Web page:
the year of the snake, or a year of extremes

Originally published on 05/08/2014

Realistically, I know absolutely nothing about the Chinese horoscope.  The title simply had a pleasant ring to it.

After we returned from Krasnodar, our remaining time in Moscow flew by.  It was a bittersweet time, it was one of anxious expectation and calm regrets.  In short, we were stressed out, burned out, and doggone tired.

Our flight to Utah left early Sunday April 14th.  Since public transit didn’t run that early, we had planned to camp out in the airport Saturday night.  That doesn’t account for the craziness of the preceding two days.  We found out late Friday evening that we were not registered in our dorm and that we had move out by midnight that very day.  After some frantic packing, a good friend let us stay in his room.  After a sleepless night, Ashley went off to her last lesson with her favorite student Natasha and I went off to Saturday General Conference at the Moscow Stake Center.  After some interesting new acquaintances and some hard goodbyes, Ashley and I met up to go gather our things and head to the airport.  We decided to take a scenic route to the metro, via Red Square.  We sat facing the south side of St. Basil’s, basking in the beautiful light which peeked over the Kremlin and shined in defined rays on the square.  We were relatively alone, besides a few girls in short shorts and an old artist putting oil on a canvas.  As we sat there, I asked Ashley, “Do you think we’ll ever come back?”  Thoughts of all the people to whom I had just said farewell and even worse thoughts of all those to whom I hadn’t had a chance to say goodbye raced through my head.  I suddenly knew the answer.  No.  We surely would not.  That was the last time I would ever see them.

I felt sick.

Ashley looked at me baffled.  Whether she could sense my distress or was merely confused by the apparently absurd question, she looked astounded that I would even ask such a question.  A resolute “Yes” was her reply.  At least, she wanted to return.  She said that if we really wanted to we would of course come back.  What a profound answer.  If we wanted to we would come back.

I guess I was questioning how much I really wanted to.

More thoughts of Russia and Russians went through my head.  I knew we had to come back.  We would surely come back.

Metro.  McDonald’s.  Metro.  Train.  Sleepless night at the airport.  I couldn’t believe our time in Moscow was ending.  When the plane touched down in Paris, I didn’t even realize we were gone.  When we arrived in Salt Lake, I was so exhausted I couldn’t even think.  When I recovered and realized it was over, it was already all over.  I thought of the great friends Ashley and I made during our time in Moscow and the new friends we made, I thought of conversation Ashley and I had with a good friend.  Would we miss Moscow or just the people?  As I thought about those people, I realized that I didn’t just miss them.  I missed the land.  There some in thought of Russia as rodina that just has to be felt.

After two brisk weeks with the family (action packed, as always) Ash and I were on our way.  After a good week of sightseeing, hiking, climbing, and camping (for pictures check out facebook), we arrived in Cimarron, New Mexico.  One place in the world I honestly never thought I would live.

We arrived at Philmont a few hours before check in, and after exploring the 5 or 6 square blocks that make up the town of Cimarron we decided to do something more productive:  do our laundry at the local Laundromat.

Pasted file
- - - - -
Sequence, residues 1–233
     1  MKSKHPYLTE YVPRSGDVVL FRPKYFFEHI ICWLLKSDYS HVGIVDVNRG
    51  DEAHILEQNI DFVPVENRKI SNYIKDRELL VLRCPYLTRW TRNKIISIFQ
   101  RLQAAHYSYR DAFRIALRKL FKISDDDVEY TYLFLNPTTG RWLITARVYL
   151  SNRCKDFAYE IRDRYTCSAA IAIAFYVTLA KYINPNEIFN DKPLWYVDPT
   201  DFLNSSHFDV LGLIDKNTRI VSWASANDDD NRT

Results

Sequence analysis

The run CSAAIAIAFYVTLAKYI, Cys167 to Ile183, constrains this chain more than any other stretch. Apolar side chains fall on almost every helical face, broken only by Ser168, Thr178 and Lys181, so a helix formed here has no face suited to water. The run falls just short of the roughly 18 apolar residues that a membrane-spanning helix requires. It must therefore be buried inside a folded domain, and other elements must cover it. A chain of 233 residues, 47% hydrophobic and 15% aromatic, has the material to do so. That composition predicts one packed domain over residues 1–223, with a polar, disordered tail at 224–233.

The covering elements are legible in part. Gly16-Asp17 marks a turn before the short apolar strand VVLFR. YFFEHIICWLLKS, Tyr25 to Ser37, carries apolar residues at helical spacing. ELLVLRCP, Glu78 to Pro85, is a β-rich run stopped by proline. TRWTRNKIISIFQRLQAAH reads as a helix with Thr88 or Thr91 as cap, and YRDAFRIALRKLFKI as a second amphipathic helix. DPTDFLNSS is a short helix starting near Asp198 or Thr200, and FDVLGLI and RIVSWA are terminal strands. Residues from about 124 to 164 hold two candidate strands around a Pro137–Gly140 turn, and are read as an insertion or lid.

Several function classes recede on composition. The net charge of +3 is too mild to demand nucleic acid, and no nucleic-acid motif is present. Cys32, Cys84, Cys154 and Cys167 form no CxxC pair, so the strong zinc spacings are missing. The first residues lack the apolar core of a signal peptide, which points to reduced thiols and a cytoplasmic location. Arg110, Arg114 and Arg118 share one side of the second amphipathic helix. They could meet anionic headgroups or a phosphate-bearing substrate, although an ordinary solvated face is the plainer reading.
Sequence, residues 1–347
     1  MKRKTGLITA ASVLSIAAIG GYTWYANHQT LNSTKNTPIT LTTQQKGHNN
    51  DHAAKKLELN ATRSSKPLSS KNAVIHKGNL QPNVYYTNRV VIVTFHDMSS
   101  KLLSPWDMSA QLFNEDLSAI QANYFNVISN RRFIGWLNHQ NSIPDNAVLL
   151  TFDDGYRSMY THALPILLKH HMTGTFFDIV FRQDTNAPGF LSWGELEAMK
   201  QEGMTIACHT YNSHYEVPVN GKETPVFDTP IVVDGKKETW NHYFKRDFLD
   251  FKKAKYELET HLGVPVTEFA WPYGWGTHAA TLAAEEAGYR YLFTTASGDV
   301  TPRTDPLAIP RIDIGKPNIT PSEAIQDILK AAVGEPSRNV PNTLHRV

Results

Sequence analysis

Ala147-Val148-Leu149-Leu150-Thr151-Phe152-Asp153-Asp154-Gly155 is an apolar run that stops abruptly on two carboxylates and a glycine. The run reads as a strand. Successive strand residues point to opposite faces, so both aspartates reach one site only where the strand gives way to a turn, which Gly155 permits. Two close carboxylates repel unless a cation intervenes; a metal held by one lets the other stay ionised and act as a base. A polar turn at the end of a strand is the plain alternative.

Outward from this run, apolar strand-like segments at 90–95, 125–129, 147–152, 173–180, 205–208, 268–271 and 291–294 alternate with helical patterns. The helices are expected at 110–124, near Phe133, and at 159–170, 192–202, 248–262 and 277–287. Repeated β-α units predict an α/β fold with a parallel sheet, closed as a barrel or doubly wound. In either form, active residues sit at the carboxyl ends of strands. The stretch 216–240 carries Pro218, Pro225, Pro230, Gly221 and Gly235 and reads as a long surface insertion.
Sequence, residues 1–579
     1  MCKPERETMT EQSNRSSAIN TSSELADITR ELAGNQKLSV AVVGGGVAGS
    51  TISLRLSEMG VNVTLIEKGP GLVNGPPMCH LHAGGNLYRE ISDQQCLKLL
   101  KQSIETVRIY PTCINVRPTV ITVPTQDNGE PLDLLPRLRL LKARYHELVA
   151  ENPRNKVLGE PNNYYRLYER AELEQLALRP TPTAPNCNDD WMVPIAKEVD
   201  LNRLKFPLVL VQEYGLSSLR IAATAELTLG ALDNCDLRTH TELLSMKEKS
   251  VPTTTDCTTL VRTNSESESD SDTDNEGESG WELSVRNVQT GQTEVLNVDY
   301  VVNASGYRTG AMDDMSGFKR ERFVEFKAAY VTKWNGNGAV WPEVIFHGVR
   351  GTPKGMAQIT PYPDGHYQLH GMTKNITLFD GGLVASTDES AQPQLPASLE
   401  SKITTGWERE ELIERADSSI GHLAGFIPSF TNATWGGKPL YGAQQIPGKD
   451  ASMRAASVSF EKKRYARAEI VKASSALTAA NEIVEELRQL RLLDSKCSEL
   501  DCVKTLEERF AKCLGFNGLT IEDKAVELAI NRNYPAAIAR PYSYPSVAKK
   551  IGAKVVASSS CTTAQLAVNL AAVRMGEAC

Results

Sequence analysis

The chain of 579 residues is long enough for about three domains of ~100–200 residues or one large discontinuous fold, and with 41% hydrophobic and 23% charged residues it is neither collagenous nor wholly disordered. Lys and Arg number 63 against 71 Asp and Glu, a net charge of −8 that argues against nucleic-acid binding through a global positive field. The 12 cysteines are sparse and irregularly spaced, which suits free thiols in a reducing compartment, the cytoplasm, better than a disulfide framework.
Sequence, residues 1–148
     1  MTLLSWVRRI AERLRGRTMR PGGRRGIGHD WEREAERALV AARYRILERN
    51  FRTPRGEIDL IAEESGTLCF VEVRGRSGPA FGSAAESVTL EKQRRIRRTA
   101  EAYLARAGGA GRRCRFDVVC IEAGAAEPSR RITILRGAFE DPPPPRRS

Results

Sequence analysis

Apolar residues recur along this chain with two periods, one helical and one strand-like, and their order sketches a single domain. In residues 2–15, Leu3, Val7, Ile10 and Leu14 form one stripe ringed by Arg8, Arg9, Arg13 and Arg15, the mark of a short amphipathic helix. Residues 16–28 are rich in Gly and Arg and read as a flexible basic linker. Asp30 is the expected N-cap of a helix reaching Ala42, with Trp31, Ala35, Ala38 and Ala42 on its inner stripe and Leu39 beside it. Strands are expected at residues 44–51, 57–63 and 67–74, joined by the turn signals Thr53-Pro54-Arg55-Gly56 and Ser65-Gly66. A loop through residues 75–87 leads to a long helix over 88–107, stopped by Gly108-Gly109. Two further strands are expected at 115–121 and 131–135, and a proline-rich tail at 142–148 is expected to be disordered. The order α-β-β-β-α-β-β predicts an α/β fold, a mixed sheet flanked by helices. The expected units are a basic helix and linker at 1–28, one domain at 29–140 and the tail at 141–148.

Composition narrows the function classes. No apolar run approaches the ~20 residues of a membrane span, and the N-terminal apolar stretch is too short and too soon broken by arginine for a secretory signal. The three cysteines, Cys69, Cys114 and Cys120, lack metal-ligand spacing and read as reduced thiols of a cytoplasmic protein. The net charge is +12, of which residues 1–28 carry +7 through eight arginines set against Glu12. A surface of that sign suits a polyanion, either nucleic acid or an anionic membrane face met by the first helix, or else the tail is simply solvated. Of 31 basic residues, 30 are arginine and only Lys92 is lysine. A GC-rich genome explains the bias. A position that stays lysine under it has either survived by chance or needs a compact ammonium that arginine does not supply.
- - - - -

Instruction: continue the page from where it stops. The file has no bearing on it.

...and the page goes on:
Inside the Laundromat we met Jenny.  A local from a village (that is what the sign says) called Ute Park, just few miles outside of Cimarron.  Jenny introduced herself as an “animal activist.”  She told us all about her life, how she lives in a cabin with no running water, about how she kayaks in the ocean, about all sorts of things.  Sort, tan, and sun-weathered, Jess was our introduction in New Mexican life.  We chuckled as she said that New Mexico is the “third-world state.”  As Ashley and I were driving to Albuquerque to pick up Emily from the airport that night, we couldn’t help but chuckle at that.

Sorry, if you thought that New Mexicans live in third world conditions, that simply isn’t true.  We’re still in the US.

But things are different here.  The people are different.  Life is different.

For those of you who don’t know, Ashley, Emily, and I are working in the kitchen at Philmont Scout Ranch, the largest high adventure camp in the world.  It is huge.  During peak season, we have a population that rivals Provo.  That’ll be interesting.

We didn’t take the job because we have interest in the culinary arts or in being professional Scouters, but because we get almost half of the week off to go hiking and do awesome things.  There will be plenty of stories (the goal is a weekly adventure, and hopefully post about that adventure), so stay tuned.

As I sit in the shade, looking at my right to the Rocky Mountains and the left to the Great Plains, I think, “What am I doing here?”

It will be a year of extremes.

(A special shout out to Greg Bayles, the kind sir who prompted me to start writing.  I also have to say that any blog post, including pictures, involving Philmont Scout Ranch or The Boy Scouts of America does not represent their views or interests but are purely my own.)

march 8, happy international women’s day

Originally published on 03/08/2013

Today, as all of you know, is March 8th.  This perhaps is only significant to you if you are either an early twentieth century socialist or live somewhere in the in the former Soviet bloc.  Thus, as many of you may not know, today is International Women’s Day.

Despite the fact that International Women’s Day is today almost exclusively celebrated in Russia and Ukraine, it was first celebrated as a national Women’s Day in America after a declaration by the Socialist Party of America in 1909.  I suppose it may be less celebrated it in America due to the dissentient feelings towards all things related to communism over the next one hundred years.  But who knows.  Anyway, I had never heard of it until I started studying Russian back in 2008.